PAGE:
As the furlough scheme comes to an end, many employers will be at risk of falling foul of its stringent and complex rules and potentially facing penalties for ‘furlough fraud’, but with the 20 October amnesty introduced by HMRC, companies that have made genuine mistakes have a chance to rectify them without being penalised. Walker Morris’ Gwendoline Davies, Head of Commercial Dispute Resolution, and Andrew Northage, Partner in the Regulatory & Compliance team, share the facts businesses need to know ahead of the deadline.
The furlough scheme – designed to support businesses who are unable to pay the salaries of their full workforce during the coronavirus pandemic – is set to come to an end this month and thousands of businesses have come under investigation by HMRC for falsely or mistakenly claiming whilst employees have been working as normal, part-time, or ‘volunteering’ their time.
According to research by legal rights app Lawya[i] in June, one in three furloughed workers were pressured by their employers to continue working for them and this ranged from being asked to check emails, to attending their physical workplace and, being pressured to ‘volunteer’ their time. In July, the Policy Exchange think tank warned that furlough fraud – whether genuine mistakes or wilful deception – could cost the exchequer between £1.3bn and £7.9bn[ii]. According to HMRC last month, the rate of fraud and error with regards to the furlough scheme currently sits between five and ten per cent and could total £3.5b[iii]; the tax body is currently investigating thousands of claims made via its hotline by whistle-blowers.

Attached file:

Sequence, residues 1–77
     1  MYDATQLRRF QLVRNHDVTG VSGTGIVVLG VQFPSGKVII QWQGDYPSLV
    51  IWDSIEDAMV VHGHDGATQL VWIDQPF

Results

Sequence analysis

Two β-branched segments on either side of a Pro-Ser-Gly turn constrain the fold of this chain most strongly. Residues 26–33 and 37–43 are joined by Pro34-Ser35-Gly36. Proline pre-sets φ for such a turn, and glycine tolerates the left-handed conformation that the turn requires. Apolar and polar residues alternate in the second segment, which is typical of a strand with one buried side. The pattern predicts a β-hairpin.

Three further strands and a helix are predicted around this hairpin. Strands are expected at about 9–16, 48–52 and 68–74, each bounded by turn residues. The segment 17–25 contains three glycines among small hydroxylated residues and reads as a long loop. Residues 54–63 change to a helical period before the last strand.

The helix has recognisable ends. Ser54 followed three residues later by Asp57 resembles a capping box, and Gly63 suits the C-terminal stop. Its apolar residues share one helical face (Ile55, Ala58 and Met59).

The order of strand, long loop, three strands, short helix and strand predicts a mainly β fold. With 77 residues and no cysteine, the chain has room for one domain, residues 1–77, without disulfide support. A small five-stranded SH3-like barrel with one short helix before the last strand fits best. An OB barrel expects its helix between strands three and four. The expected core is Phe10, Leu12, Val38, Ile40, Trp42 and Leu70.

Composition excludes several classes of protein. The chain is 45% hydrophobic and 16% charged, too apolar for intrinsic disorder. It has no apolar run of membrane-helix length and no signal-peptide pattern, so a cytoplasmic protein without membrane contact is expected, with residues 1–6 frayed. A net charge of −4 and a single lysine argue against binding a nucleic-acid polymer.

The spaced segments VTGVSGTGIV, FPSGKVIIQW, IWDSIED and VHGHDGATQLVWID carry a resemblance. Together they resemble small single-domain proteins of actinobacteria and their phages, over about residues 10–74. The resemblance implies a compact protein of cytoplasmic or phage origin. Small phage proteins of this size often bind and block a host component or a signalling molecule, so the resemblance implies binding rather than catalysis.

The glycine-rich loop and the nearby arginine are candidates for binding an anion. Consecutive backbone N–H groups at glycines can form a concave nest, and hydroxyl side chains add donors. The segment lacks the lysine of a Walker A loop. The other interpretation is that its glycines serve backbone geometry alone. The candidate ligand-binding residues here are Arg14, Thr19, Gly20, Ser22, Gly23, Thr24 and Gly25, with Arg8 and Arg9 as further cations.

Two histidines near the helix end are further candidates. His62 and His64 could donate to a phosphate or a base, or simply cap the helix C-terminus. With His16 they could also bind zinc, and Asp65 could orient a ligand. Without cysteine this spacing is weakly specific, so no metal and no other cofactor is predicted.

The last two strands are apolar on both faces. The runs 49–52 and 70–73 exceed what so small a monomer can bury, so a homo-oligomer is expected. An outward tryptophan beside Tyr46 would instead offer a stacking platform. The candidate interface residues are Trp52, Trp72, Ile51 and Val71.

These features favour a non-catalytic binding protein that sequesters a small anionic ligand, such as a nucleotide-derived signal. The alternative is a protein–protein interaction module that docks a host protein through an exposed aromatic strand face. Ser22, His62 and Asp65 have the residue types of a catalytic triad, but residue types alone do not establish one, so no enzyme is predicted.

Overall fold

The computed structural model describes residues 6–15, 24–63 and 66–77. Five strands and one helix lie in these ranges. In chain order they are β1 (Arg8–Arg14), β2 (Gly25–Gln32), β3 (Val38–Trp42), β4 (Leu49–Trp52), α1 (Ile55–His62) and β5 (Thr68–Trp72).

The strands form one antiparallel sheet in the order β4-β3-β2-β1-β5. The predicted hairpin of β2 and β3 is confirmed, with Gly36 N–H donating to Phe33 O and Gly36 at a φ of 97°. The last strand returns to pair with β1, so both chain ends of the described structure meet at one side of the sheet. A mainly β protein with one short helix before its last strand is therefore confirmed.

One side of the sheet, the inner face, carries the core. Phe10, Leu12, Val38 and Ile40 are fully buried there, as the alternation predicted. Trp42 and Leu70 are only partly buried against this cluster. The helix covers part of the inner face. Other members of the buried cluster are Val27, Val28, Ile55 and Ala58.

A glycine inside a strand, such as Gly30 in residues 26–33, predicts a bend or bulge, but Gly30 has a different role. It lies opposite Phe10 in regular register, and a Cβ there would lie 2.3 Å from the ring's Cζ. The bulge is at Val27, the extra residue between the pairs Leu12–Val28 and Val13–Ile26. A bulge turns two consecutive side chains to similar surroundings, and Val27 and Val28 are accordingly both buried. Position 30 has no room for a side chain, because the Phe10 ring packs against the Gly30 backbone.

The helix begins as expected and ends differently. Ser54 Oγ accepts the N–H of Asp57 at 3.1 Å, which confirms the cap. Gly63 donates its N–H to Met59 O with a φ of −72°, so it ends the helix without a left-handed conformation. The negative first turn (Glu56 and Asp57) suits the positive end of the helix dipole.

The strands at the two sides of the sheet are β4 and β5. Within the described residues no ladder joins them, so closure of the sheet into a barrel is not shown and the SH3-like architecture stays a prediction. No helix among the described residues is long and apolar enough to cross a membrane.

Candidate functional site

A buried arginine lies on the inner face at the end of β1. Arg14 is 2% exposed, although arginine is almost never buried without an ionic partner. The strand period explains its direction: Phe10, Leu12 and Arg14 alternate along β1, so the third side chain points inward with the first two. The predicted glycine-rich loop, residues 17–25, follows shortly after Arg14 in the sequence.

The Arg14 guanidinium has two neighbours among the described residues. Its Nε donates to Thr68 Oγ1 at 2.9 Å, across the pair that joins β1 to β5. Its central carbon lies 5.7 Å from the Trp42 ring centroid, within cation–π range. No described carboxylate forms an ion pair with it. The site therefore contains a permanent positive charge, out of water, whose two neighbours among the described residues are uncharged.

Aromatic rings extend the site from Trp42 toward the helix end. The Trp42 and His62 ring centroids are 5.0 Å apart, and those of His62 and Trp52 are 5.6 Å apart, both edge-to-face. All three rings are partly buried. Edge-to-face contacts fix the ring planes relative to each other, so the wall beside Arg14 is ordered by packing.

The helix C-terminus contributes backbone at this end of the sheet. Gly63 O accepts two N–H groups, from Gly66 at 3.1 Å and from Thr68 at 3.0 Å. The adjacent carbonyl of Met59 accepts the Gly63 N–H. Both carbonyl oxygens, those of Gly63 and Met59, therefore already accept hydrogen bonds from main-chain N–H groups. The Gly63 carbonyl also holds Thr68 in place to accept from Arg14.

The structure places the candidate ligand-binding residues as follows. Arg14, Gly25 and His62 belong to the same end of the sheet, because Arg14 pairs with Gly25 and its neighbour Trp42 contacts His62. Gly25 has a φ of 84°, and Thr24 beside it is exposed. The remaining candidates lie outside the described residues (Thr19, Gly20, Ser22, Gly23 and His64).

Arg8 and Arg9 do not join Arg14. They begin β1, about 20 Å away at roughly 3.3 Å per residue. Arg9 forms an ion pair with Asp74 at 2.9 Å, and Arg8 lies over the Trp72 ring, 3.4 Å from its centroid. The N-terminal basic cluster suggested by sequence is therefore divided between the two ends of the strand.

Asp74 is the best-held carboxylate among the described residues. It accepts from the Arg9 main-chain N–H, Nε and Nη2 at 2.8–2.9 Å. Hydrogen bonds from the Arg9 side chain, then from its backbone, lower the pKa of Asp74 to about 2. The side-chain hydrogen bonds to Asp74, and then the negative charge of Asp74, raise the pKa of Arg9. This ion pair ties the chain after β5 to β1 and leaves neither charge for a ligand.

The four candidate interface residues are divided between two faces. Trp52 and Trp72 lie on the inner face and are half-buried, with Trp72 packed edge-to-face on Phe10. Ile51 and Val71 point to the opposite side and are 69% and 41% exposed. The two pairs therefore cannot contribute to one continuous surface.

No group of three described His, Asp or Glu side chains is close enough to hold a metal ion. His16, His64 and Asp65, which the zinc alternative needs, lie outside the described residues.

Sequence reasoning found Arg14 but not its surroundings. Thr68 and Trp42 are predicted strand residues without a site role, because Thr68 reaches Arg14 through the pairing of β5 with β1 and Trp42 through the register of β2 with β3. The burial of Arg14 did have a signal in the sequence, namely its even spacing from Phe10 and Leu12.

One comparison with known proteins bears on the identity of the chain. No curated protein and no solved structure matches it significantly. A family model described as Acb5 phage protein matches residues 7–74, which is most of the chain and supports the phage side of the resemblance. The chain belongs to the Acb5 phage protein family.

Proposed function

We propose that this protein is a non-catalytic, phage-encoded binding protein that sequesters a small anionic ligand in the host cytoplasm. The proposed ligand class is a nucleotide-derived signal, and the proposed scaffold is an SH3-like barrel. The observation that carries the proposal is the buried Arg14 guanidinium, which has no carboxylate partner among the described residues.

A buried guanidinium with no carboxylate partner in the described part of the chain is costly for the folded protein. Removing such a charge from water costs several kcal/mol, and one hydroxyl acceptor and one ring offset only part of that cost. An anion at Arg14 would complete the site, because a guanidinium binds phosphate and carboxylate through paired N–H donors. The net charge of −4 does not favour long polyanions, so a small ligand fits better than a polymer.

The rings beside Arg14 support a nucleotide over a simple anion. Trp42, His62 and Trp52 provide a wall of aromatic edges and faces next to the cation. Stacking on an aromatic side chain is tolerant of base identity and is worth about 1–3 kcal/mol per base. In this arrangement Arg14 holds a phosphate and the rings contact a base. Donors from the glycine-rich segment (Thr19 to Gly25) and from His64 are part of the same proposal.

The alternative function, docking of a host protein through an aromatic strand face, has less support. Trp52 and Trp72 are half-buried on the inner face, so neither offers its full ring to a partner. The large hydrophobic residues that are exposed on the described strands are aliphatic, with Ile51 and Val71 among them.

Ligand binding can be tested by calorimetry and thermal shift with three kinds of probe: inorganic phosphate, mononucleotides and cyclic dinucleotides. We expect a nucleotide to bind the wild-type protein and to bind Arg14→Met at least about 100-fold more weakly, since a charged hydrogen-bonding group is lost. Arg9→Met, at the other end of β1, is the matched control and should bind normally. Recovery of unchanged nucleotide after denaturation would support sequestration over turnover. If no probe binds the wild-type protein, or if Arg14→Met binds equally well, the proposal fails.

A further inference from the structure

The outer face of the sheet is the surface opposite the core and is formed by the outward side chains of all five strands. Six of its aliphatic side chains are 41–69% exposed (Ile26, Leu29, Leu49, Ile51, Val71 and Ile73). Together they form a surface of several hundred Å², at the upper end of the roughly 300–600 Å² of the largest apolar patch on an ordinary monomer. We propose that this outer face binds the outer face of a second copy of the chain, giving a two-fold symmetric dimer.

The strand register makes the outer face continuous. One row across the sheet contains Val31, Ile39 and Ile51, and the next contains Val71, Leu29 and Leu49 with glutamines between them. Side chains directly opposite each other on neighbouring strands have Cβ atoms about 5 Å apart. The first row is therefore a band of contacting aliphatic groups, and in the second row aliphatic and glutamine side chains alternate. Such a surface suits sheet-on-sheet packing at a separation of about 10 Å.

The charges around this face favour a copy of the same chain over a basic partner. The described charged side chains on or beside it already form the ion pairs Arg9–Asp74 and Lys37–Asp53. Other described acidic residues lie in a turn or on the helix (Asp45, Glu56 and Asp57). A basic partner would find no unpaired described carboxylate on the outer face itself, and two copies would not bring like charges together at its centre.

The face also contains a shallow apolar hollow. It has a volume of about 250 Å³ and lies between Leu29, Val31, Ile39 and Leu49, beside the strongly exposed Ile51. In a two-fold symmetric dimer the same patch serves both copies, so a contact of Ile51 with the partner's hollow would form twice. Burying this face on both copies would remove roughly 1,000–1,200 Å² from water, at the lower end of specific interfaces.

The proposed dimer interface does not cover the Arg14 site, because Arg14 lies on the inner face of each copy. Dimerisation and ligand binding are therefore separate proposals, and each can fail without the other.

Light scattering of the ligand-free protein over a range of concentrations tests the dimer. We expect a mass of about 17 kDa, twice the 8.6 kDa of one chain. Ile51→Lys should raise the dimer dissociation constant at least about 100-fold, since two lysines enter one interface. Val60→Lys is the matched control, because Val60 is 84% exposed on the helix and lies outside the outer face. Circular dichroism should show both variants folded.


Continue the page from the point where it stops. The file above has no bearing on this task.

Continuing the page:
Furlough fraud in corporates – where organisations have claimed furlough monies, whilst still having employees working in some shape or form – is a big focus for HMRC right now, though it will unlikely have the capacity to fully investigate every suspected instance. There is a possibility that some organisations have been doing this as a firmwide activity, but it’s also possible that there have been rogue departments within companies that have been wrongly claiming grants under the radar, which – if uncovered by a whistle-blower – can lead to the company coming under investigation for fraud, particularly if it is suspected by HMRC as a “high risk” case.